How was your content strategy in your most recent role? What was the most successful content type? How did you measure content marketing performance? What type of content works best for each stage of the funnel in your experiment? What was your frequency for each type of content? How to balance quality and quantity? How many target groups have you created content for? How did you make your content resonate with this audience? How did you come up with creative ideas? How is your content process? Which stakeholders and internal team members were critical to your success?
Five Questions to Help You Understand Why They Work
While it’s important to describe candidates’ marketing experiences with questions like the ones listed above, it’s also a good idea to include high-level questions that will help you learn more about them, such as how to define their success and measure them Companies and marketing leaders they admire and their favorite marketing technologies.
Consider asking the following five questions:
- What would success be like for you in this role?
Your candidate’s answer to this question will tell you how he defines success for the role and how he can contribute to his team and company. People interested in taking the business forward will likely ask to participate in sales and business growth. Look for people who mention growth in their responses and people who associate their success with greater business success.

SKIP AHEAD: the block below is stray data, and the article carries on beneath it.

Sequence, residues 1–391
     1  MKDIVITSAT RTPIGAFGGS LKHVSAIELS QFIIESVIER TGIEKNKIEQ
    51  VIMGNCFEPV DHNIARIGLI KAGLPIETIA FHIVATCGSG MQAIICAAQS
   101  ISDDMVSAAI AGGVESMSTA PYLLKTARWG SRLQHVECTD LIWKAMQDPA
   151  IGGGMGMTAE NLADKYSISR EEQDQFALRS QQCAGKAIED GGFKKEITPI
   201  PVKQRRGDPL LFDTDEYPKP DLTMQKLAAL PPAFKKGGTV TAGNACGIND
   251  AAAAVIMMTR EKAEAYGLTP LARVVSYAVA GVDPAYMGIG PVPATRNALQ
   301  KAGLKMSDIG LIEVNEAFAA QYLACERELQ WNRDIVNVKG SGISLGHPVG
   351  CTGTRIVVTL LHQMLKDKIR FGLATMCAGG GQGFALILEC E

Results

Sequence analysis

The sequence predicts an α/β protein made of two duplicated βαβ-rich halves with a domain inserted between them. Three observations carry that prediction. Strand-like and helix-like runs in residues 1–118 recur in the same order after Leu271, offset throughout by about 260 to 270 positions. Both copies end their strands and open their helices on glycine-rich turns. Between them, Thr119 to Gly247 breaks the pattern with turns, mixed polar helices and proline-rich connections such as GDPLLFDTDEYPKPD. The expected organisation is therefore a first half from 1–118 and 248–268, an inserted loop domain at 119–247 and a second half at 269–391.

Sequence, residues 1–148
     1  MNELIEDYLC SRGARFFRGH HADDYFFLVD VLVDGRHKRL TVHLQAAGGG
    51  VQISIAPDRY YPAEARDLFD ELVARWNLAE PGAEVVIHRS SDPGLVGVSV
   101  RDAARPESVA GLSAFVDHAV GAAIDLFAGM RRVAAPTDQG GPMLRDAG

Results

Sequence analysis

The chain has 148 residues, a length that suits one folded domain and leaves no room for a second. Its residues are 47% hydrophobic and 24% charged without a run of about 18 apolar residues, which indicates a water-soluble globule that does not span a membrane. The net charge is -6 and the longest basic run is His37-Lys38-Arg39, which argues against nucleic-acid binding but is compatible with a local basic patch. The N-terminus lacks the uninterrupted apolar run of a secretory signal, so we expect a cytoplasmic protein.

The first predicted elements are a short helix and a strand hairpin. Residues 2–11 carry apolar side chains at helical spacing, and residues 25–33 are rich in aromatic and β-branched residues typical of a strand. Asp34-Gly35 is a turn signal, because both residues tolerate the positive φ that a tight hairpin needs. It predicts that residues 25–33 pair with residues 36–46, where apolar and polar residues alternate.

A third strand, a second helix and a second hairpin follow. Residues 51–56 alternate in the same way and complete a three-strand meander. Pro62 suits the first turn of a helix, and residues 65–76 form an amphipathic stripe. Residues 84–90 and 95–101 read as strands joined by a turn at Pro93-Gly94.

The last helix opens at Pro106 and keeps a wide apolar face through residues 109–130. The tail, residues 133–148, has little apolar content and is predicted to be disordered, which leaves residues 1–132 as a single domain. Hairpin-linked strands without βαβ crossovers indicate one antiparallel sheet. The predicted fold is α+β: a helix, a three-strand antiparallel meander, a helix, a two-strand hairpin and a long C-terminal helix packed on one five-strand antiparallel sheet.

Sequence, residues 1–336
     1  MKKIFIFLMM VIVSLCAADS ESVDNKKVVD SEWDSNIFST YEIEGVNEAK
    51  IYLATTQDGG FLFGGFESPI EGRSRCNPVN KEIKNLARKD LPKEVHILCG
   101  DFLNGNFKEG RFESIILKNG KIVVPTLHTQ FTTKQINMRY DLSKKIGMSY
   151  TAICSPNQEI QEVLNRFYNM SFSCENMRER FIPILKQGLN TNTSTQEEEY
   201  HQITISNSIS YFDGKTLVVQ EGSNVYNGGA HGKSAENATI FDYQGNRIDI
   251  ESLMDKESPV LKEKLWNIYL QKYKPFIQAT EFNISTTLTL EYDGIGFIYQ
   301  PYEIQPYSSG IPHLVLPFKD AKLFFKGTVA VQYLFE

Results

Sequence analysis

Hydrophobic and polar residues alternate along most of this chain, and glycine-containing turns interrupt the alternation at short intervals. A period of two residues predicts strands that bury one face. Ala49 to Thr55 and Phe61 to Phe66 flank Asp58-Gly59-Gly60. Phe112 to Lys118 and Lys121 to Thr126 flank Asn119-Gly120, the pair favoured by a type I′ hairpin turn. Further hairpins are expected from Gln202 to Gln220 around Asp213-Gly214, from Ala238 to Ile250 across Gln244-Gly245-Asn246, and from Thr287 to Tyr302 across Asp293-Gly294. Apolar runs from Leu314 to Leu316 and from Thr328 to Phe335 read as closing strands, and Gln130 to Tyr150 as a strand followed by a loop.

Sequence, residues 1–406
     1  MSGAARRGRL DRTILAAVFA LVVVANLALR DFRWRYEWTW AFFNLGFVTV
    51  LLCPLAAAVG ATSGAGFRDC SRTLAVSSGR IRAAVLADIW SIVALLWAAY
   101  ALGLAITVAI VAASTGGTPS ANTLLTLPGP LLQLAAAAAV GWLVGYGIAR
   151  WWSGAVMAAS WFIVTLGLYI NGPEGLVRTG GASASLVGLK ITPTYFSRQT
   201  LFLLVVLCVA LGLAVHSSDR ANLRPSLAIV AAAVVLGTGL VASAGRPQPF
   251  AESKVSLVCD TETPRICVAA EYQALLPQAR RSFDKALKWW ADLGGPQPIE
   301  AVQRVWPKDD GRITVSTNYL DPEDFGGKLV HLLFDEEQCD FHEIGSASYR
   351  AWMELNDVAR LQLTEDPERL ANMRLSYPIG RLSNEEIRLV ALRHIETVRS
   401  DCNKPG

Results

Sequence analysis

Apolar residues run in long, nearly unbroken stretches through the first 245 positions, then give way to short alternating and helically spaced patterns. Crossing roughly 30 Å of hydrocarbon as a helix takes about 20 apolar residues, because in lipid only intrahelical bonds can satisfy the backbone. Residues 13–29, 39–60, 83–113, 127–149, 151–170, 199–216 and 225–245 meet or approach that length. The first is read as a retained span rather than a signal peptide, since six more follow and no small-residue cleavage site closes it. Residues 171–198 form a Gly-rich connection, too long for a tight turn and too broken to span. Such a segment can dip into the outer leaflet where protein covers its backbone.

- What is the best way to measure your success?
Find someone who comes back with clear answers that can be measured, such as specific, measurable conversion rates, clickthrough rates, and results. They are likely to be goal-oriented and can help you think in terms of statistics from the start, including about your performance.
- Who are your main “gurus” and main sources of continuing education in this field of marketing?
Candidates who are involved in the game don’t need to think about these things too much. If they can’t say anything, they’re not experts in the field. That’s fine if you hire a generalist, but not if you need someone with experience in a specific area of marketing.
- What activities do you most admire in this area of marketing?
This question gives a slightly different view of the candidate and says more about their ambitions. If they can’t name a company that works well in this industry, it’s a sign they might not be as passionate as you’d like.
- What is your favorite technology for this area of marketing?
This is a somewhat tricky question. Candidates must be willing to experiment with many marketing technologies, even if they have strong preferences. Look for people who quickly master new technologies and who have experimented with different tools relevant to their work.
The priority of corporate culture
Company culture is an important consideration when making an appointment.
Each person you hire can have a dramatic impact on team morale, productivity, and, ultimately, team success. So make sure that multiple team members are interviewing candidates and that their feedback is serious.
In addition to the questions that appear here, your team members will ask many more questions to help you determine if your candidate is the perfect fit for your company’s specialty role.